Source: Western Asset. As of 31 July 20. 1Actual portfolio managed against Bloomberg Barclays LDI 14-Year Index. Simulated results are inherently limited and should not be relied upon as an indicator or guarantor of future results and should not be used as the sole basis for an investment decision. Select the image to expand the view.

Tracking the Various Funding Statuses

It is striking, however, to see how funded status would have progressed over time. In Exhibit 5, we assume the plan’s initial funded status is 90% and that liability payments are 5% per year. We utilize the same proxy liability benchmark as shown in Exhibit 3, adding 65 bps to returns to account for the boost to liabilities from negative credit events. Both of these headwinds help to illustrate the need for either additional alpha or additional contributions when adopting an LDI 1.0 approach. Without either, funded status will bleed over time.

Exhibit 5: Tracking the Funded Status Using LDI 2.0
Explore Tracking the Funded Status Using LDI 2.0.
Source: Western Asset. As of 31 July 20. 1Actual portfolio managed against Bloomberg Barclays LDI 14 Year Index, chosen as a proxy for liability returns given its duration (periodically rebalanced to ~14 years) and credit quality (comprised of securities rated A or better). Simulated results are inherently limited and should not be relied upon as an indicator or guarantor of future results and should not be used as the sole basis for an investment decision. Select the image to expand the view.

The Bottom Line

While outside the traditional LDI box, LDI 2.0 solves for both the liability tracking requirement and the desire for higher return assumption objectives. The latter may help to minimize the effect on expected return on assets (EROA), a feature that is attractive for companies seeking to bolster the contra-pension expense. Furthermore, the returns generated by LDI 2.0 would have propelled funded status to well above fully funded, while the alpha pattern is also uncorrelated with a traditional approach. LDI 2.0 may therefore appeal to severely underfunded plans that seek returns, or to near fully funded plans looking to diversify the alpha pattern from a stable of traditional LDI managers.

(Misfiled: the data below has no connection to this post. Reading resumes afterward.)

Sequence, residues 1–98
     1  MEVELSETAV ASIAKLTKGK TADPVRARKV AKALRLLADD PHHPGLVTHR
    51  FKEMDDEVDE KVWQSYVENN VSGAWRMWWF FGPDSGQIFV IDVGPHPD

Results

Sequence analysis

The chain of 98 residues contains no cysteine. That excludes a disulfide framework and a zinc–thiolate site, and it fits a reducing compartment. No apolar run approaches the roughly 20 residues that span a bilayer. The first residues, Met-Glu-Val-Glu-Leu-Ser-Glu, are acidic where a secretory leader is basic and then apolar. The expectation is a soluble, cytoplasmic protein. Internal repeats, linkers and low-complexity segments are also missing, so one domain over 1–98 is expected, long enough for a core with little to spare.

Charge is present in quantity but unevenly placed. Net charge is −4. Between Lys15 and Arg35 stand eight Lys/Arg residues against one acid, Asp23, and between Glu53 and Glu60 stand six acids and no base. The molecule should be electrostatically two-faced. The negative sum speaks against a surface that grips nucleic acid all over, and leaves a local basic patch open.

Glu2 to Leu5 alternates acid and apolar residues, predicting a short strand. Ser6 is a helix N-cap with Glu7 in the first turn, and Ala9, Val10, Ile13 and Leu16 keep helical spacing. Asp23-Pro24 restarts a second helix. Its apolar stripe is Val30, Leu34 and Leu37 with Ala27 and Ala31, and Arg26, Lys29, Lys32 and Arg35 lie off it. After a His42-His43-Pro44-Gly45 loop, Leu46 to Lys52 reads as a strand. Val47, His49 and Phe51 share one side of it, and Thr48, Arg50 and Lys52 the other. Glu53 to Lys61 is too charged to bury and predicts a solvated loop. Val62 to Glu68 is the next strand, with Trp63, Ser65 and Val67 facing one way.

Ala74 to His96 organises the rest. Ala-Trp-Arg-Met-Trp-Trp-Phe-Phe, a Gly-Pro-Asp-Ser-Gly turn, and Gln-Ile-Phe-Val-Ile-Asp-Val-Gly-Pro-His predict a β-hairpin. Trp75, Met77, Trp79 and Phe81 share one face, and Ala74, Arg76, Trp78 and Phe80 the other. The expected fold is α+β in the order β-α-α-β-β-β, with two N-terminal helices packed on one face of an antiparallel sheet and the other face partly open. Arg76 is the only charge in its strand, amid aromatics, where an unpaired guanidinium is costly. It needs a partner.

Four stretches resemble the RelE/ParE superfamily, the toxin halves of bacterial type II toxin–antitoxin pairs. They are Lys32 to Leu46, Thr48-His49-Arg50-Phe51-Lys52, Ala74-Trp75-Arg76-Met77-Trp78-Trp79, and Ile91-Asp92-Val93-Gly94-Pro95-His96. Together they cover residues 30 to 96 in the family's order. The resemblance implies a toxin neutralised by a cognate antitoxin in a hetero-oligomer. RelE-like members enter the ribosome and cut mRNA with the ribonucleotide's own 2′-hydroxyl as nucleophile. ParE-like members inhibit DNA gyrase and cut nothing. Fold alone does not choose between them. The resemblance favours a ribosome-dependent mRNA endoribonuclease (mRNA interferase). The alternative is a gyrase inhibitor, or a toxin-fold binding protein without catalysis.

© Western Asset Management Company, LLC 2020. This publication is the property of Western Asset and is intended for the sole use of its clients, consultants, and other intended recipients. It should not be forwarded to any other person. Contents herein should be treated as confidential and proprietary information. This material may not be reproduced or used in any form or medium without express written permission.
Past results are not indicative of future investment results. This publication is for informational purposes only and reflects the current opinions of Western Asset. Information contained herein is believed to be accurate, but cannot be guaranteed. Opinions represented are not intended as an offer or solicitation with respect to the purchase or sale of any security and are subject to change without notice. Statements in this material should not be considered investment advice. Employees and/or clients of Western Asset may have a position in the securities mentioned. This publication has been prepared without taking into account your objectives, financial situation or needs. Before acting on this information, you should consider its appropriateness having regard to your objectives, financial situation or needs. It is your responsibility to be aware of and observe the applicable laws and regulations of your country of residence.
Western Asset Management Company Distribuidora de Títulos e Valores Mobiliários Limitada is authorised and regulated by Comissão de Valores Mobiliários and Banco Central do Brasil. Western Asset Management Company Pty Ltd ABN 41 117 767 923 is the holder of the Australian Financial Services Licence 303160. Western Asset Management Company Pte. Ltd. Co. Reg. No. 200007692R is a holder of a Capital Markets Services Licence for fund management and regulated by the Monetary Authority of Singapore. Western Asset Management Company Ltd is a registered Financial Instruments Business Operator and regulated by the Financial Services Agency of Japan. Western Asset Management Company Limited is authorised and regulated by the Financial Conduct Authority (“FCA”). This communication is intended for distribution to Professional Clients only if deemed to be a financial promotion in the UK and EEA countries as defined by the FCA or MiFID II rules.